While I wait for the CCFL cable exenders, I built a sling to support the panel circuit board. I fixed on top of it the original board cover, and I hope that the resulting Faraday cage will shield some of the noise.
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I acquired a burnt PC power unit and salvaged the ferrite (and soft-iron) nuclei of two of tis transformers, that I plan to use them as common mode chokes on the Wacom USB cable and the VGA cable.
I'll look if I can find another ferrite choke for the fcc that goes from the controller to the LCD panel, and for the CCFL cables (I shall investigate more before trying this last trick, though - while the noise on the CabinetiQ was very much a product of common mode currents seeping in the USB and power cables, I have no idea if the same can be said for this new one.)
That said, even if the panel did prove unsuitable, and I'll have to switch to the aforementioned LG monitor, I still have to add hotkeys and wheels to the thing to get it usable for me.
So, I spent a couple of hours "modding" three mouses (in the end, I'll use three wheels: zoom, brush size and LazyNezumi mode).
By the way, as time goes by, I finally picked a "clean" way to mod the mouses.
It all start buying a small mouse (mini mouse) - in my case, from NGS.
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These small mouses use a rotary encoder - instead of the usual set of IR diodes that you can find in normal sized mouses - to obviate the lack of space due to the smaller wheel.
The encoder is less durable but a lot more handy than the diodes
Unfortunately, these encoders are originally with a horizontal axle (obviously), while I really need it to be vertical.
The first time I modded one, I made an unholy mess, with some 80 cm of cables connecting a pcb with the encoder and the three buttons to the original circuit.
Of course, these picked up EM "noise" wonderfully and fed it into the USB system (which is, I gather, not very RF-noise proof).
The second time, it was slightly better.
Third is a charm, as they say.
I decided that less is - in this case - decidedly more.
After having de-soldered the encoder, I bent its three input 90 degrees forward (really, I did it as I was de-soldering them: it's the cleanest way I have to do the job, warm up the thin and bent the damned things out - the pin holes are open on one side ).
Then I de-soldered also the left and right click buttons (one of them, I needed to de-solder anyway, to have a platform onto which to anchor the turned-vertical-encoder)
I soldered the "structural" pin of the encoder to a pretty small piece of PCB, that I glued at 90º from the mouse board (well, actually, it is glued to a small cubic piece of wood that is then glued to the PCB - I'm a wood guy and I didn't have any Lego around; if someone know how to bend PCBs, let me know) so that the encoder axle was vertical (not exactly, damn me). Once the glue was dried and the whole shtick was solid, I re-soldered the encoder's signal pins and verified that it works.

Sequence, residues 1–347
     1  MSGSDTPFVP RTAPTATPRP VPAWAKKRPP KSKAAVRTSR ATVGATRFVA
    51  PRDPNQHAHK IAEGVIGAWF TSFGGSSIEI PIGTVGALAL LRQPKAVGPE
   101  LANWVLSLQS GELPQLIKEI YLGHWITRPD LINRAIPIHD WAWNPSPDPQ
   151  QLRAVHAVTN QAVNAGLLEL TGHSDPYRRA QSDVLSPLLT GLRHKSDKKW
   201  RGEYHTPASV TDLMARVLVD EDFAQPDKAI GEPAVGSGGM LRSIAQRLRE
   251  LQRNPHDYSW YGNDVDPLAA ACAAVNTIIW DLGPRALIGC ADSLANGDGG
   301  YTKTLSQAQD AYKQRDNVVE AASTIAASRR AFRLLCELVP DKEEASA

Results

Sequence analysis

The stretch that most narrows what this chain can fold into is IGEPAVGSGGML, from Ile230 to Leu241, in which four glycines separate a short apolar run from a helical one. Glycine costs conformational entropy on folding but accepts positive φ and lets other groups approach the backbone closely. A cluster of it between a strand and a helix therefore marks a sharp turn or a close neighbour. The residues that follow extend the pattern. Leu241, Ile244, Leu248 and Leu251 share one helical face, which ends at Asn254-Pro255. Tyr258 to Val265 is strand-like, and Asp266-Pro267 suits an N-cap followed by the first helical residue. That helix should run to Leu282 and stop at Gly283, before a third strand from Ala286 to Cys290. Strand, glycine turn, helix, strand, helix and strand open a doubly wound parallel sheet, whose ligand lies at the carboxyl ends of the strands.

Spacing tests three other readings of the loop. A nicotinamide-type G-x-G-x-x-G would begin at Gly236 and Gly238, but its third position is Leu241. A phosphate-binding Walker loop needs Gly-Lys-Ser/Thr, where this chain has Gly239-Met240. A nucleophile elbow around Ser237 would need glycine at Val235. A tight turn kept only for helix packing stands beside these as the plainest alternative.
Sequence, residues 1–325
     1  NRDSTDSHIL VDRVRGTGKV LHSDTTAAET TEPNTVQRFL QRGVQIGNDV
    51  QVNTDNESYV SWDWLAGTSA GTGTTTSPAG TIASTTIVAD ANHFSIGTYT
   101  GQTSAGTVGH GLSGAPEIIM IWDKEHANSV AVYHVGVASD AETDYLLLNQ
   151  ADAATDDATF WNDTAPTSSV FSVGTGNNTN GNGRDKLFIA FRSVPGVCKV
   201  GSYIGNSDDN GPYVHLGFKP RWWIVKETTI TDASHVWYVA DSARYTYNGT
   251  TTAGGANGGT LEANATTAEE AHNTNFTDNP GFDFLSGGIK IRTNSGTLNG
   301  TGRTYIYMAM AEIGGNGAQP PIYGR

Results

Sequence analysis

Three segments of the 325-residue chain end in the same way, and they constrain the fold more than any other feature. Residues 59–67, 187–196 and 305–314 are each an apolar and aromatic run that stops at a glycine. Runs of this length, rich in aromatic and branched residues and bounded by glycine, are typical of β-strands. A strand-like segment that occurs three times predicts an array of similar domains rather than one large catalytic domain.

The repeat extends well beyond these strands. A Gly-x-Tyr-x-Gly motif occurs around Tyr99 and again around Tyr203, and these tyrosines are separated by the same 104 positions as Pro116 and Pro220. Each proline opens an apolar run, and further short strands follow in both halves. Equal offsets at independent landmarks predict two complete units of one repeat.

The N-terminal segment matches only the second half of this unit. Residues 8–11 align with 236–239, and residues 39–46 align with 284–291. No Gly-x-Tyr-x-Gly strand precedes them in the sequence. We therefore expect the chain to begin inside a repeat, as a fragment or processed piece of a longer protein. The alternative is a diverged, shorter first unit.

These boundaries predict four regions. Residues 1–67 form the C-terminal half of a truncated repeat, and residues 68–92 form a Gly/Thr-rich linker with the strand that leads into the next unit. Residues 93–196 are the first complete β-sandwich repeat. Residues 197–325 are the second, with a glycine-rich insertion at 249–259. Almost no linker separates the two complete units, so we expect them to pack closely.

I also placed the removed buttons on two auxiliary PCBs connected with some cm of cables to the mouse board, and verified that they, also, work as they should.
Which is not so obvious: on this mouse, both buttons share a common line, and is the value of a resistance in series with the switch that let know the mouse chip which button is pushed.
As a result of this design (which, among other things, grants that the left click "overrule" the right one), a flimsy solder may transform the left click in a right one.
As knobs, once again I will go with polypropylene office chairs' wheels.
I can't find my preferred - 40mm x 20kg - , so I have to use the 50mm (30 kg) I had lying around (I have bought some to replace the ones under my chair that I accidentally destroyed a while ago - I always buy a spare sample).
Now, there is a moderately simple and very cheap trick to connect these to the encoder...
The hole in their back is slightly less than the girth of a classic aerial coaxial cable, so you can take one, stick it into the hole, cut it after 1-1.5 cm while leaving the copper core intact, and extract the copper core from the cable.
Gently nudge a little more the de-cored cable into the hole (with a hammer, but gently), and then you can carve away the external shielding, leaving a short, reasonably rigid and smooth nylon pivot, pretty rigidly connected to the wheel.
In the place where originally was the copper core (a bit too thin and smooth), I place (very gently, hammering it down, but gently) a tooth-picker that then I slim down a tiny bit hexagonally.
The tooth-picker is strong more than enough to carry the movement to the encoder but its wood is also tender enough that the plastic of the encoder can shape it when posed into the pivot siege, and I count on the nylon to handle side forces (though, the wheels of the Cabinetiq are running on tooth-pickers alone since I modded the first wheel), as I can place it into inside a small hollow screw (used to lodge 6mm screws - threaded for metal and easy removal - in wood).
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I have an idea of how placing them together, but I feel it is better that I see if I have to move the power source away, before start cutting plywood.
FOr the moment, the disposition could be something like this
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But, as I said, refinement may still come